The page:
It often follows that items used for commercial or professional applications eventually find their way into our homes. Military radar gave us microwave ovens. Astronauts gave us Tang and foam mattresses. On the other hand, some items never do (and never should) make the transition such as industrial cleaners and solvents which are fine in the factory but horrid ideas for homes with 24X7X365 occupancy by people and pets. But then there are those products that really should bridge the gap but don’t. A prime example is the backpack vacuum cleaner.
If you happen to spend late nights at the office (I do all too often) you’ll have enjoyed the disruption of a hyper-efficient cleaning crew making their rounds. In most offices, those doing the vacuuming do so with canisters strapped to their backs. These hardworking blue-collar crews are quick and they do a great job, but they do it with an item I have never once seen used in homes.
Your average US home depends on stand-up or roll-along canister vacuums to get the carpets clean. It seems strange that a professional industry product so readily embraced by cleaning crews around the country is so blatantly shunned by the home crowd. Are there good reasons, or is this bias grounded in misunderstanding?
Those questions set me on a quest for answers. Now I’ll be the first to admit that my research was anything but scientific (I surveyed my family and in-laws) but those questioned represent a fairly indicative demographic of 30-60 year-old homemakers who make the ultimate decision when it comes to what cleaning products they use around the house. The major reason these folks provided for not electing to use a backpack vacuum cleaner is an unwillingness to carry around the weight.
The irony of that answer is that each of those surveyed lives in a multi-level home and must, at some point in their cleaning efforts, lug an upright or canister vacuum up one or two flights of stairs to do a complete cleaning job. When I pointed that out, must shrugged and felt it was a small inconvenience compared to carrying the cleaner on their backs for the entire job.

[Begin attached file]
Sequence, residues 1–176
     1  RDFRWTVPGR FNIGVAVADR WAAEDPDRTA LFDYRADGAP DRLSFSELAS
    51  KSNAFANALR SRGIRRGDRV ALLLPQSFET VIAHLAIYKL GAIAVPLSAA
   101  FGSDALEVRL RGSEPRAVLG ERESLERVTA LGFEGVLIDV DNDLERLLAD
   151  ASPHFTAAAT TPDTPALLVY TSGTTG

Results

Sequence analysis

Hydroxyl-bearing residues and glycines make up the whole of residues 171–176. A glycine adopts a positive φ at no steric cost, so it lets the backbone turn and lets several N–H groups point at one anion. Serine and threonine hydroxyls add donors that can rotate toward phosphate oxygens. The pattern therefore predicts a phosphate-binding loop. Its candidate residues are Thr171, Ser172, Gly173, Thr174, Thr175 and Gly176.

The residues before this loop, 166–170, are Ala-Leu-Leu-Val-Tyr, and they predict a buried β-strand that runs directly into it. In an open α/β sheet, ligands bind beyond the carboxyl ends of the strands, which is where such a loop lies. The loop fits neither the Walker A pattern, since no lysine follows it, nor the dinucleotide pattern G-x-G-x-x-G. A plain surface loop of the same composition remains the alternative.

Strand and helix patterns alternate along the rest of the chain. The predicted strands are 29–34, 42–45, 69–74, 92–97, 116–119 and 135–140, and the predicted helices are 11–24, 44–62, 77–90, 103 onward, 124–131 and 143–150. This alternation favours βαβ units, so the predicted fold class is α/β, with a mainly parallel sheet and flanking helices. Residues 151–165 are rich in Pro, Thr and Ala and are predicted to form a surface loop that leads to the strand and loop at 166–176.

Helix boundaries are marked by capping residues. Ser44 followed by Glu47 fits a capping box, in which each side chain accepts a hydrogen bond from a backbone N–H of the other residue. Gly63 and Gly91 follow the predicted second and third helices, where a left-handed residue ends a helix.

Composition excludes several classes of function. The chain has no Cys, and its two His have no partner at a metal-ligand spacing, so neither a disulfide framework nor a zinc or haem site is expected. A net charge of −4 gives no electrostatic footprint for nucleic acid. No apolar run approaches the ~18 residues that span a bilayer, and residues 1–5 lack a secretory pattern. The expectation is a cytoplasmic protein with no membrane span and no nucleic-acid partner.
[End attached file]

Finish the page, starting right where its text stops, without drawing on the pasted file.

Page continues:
Of those surveyed, 30% used canister vacuums; wheeled canisters that were pulled behind them as they vacuumed. Though they felt there was some inconvenience with these models over upright designs, the canister styles made vacuuming stairs easier. My own experience with canister vacuums has been mixed. Yes, they are better for stairs, but my own canister vac has slipped from halfway up a flight of stairs and punched a hole in the drywall below. In sharing my story, I learned that those who do use canister vacuums have had similar experiences, requiring extra caution when cleaning stairs.
Additionally, the people I interviewed cited cost as another deterrent to their buying backpack vacuum cleaners. They felt that, given their commercial use, backpack vacuums must be comparatively expensive. I determined that none had actually researched the matter and most were surprised when I quoted prices equal to or less than what they’d paid for their home vacuums.
When you consider that a backpack vacuum cleaner may way anywhere from 8-12 pounds and the weight is very efficiently loaded on a person’s back where it is barely noticeable, there doesn’t seem to be much reason to avoid these things. Perhaps the real incentive against them is the inconvenience of having to strap it on and take it off but I suspect a more rational cleaning approach would nullify that concern. Those who opt to clean small areas at a time are probably right in their purchase of upright or canister vacuums but what about for larger jobs?
If your cleaning habit consists of doing all the scrubbing, wiping and dusting first and then following up with a good vacuuming, backpack vacuum cleaners may be ideally suited to your needs. Simply strap on the vacuum once, hit all floors and stairs and then put it away. Consider the alternative of dragging or hauling a heavy upright or canister vacuum up and down stairs to accomplish the same thing and logic (as well as your bruised shins and strained back) makes this the sensible approach.
I did neglect to mention the final reason those surveyed opted for an alternative over a backpack vacuum cleaner and that’s availability. Walk into any department store and you’ll find an assortment of canister and upright vacuums available. Not so with backpack vacuums. It seems that consumers have spoken and manufacturers have listened. Though there are ready sources available online, the lack of availability in department stores makes it a forgone conclusion that most consumers will end up with a competing (and not necessarily better) design.
Should you find yourself in the market for a replacement vacuum cleaner, don’t be a lemming. Stop and consider your needs before you make that purchase. Large spaces, stairs and a sensible cleaning habit should leave you, at the very least, open to backpack vacuum cleaners as an alternative.